mardi 16 mai 2017

The cause and consequences of lowering of electricity price in Hong Kong

by Aude Pommeret and Lin Zhang[1]

On December 13th, 2016 Hong Kong Electric (HKE) announced a reduction in the Net Tariff by 17.2% starting January 1st, 2017. In the meantime, CLP announced the frozen Average Tariff for 2017 with a rebate. The official justifications provided by HK Electric were first that in reducing its electricity price, the utility was returning to customers the refunds HKE had received from government as rents and rates had been overcharged in the past. Second, the operating cost of the utility had been lower than expected due to lower fuel costs.
At first sight, this price decrease seems to be a generous move from HKE with the utility sharing part of its profits with the consumers. It is in fact far from being the case. Recall that the tariff encompasses three components.[2] The first is the Basic Tariff, the second comes from the Fuel Clause Recovery, and the third concerns the rebates from the Tariff Stabilisation Fund and the Rate Reduction Reserve.
Since January 2017, the Basic Tariff has in fact increased by 3.2% (going from HKD105.5 to HKD 108.9). However, it has been more than covered by a rebate of 3.8% (from HKD108.9 to HKD104.9) and more importantly by an adjustment of the Net Fuel Clause Charge going from HKD27.9 to HKD5.5 that is, decreasing by 64%. All in all, the total Tariff has therefore decreased by 17.2% (going from HKD133.4 to HKD110.4). The total decrease is therefore mainly due to the fuel clause (see the following figure).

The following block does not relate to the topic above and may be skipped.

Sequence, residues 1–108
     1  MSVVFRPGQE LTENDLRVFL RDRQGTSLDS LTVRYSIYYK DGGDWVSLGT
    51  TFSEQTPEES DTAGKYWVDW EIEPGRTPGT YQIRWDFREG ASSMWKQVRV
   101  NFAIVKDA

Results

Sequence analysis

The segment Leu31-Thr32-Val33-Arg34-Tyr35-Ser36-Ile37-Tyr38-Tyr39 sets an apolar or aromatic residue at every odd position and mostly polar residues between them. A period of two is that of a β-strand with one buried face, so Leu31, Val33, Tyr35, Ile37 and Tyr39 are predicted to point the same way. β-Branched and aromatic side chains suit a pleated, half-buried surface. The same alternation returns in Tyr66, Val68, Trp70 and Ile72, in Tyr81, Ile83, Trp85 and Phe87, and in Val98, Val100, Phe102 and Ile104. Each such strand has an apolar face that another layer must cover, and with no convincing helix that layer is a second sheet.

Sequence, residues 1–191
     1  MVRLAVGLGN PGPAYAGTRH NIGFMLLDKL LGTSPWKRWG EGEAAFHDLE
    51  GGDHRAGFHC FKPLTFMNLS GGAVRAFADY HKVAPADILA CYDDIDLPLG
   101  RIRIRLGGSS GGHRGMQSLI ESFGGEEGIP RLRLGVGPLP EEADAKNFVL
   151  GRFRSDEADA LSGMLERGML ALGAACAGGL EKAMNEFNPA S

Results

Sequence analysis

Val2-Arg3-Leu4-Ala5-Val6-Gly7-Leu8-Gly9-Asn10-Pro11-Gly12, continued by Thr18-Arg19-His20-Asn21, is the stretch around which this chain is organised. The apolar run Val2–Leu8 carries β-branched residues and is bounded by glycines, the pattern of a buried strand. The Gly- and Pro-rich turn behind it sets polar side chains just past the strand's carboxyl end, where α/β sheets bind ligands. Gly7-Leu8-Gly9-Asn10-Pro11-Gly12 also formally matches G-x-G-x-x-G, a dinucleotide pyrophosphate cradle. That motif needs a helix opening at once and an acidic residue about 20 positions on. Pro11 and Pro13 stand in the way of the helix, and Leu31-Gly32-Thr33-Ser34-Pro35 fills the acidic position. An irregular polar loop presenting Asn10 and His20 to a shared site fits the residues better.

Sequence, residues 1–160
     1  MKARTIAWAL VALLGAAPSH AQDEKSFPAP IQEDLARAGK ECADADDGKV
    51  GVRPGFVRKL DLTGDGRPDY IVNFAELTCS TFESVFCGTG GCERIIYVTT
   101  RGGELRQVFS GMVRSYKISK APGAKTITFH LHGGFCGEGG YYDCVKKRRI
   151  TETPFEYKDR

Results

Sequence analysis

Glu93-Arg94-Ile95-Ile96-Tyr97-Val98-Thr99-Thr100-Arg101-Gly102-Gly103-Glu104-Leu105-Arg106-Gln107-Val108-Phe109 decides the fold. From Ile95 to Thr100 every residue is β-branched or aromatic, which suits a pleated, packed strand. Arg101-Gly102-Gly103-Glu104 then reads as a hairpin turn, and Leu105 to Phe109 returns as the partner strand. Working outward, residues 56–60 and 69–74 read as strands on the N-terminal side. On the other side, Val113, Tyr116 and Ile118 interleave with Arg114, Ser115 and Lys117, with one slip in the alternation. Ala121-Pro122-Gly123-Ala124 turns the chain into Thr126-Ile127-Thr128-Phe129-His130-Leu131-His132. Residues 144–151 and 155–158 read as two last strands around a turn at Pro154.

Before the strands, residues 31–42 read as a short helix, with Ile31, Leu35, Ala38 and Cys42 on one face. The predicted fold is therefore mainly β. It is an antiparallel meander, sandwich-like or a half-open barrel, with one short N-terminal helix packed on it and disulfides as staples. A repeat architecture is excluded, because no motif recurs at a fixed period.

As acknowledged by HKE itself, the current price decline is viewed as a strategy to help customers prepare for the tariffs changes with the projection of increased fuel price: HKE will increase the use of natural gas from 33% of electricity generation (present) to 50% by 2020, which will generate a rise in tariffs as natural gas is more expensive than coal.
What needs additional attention is that HKE takes advantage of the Net Fuel Clause Charge to increase the Basic Tariff, which is hardly noticeable to the public. This is because the increase in the Basic Tariff is hidden behind the huge decline in the Net Fuel Clause Charge, and this part of the tariff will not decrease in the future to compensate for the increase in the Net Fuel Charge. In doing so, HKE enjoys a higher Basic Tariff together with a Fuel Clause Charge increase adjusted to the larger share of gas for electricity generation. Therefore, what HKE has done is to exchange some current profits for secured future profits, but certainly not sharing benefits with its customers.
If this were happening with no harm to the rest of the economy, HKE’s decision on current tariffs in order to secure future profit would not be so bad. This is, however, not the case. There are several economic and environmental impacts to be taken into account.
By adjusting tariffs up and down frequently, HKE is generating fluctuations in the price of consumers’ purchases and creating uncertainties as consumers face incomplete information regarding HKE’s pricing strategy. Uncertainty will increase the precautionary savings of individual consumers. In the end, this reduces the welfare of consumers who make financial decisions over their lifetime in order to smooth their year-by-year consumptions.
At the same time, the lowering the of electricity price is very likely to increase electricity consumption, which obviously has some adverse consequences for the environment, as a large part of electricity in Hong Kong is generated using fossil fuels. In 2008, the HK government offered a HKD 3,600 per annum of electricity subsidy for each household and it had already been perceived by local environmental groups as counterproductive to the earlier initiatives to promote energy saving (the subsidy has been abandoned in 2015).[3]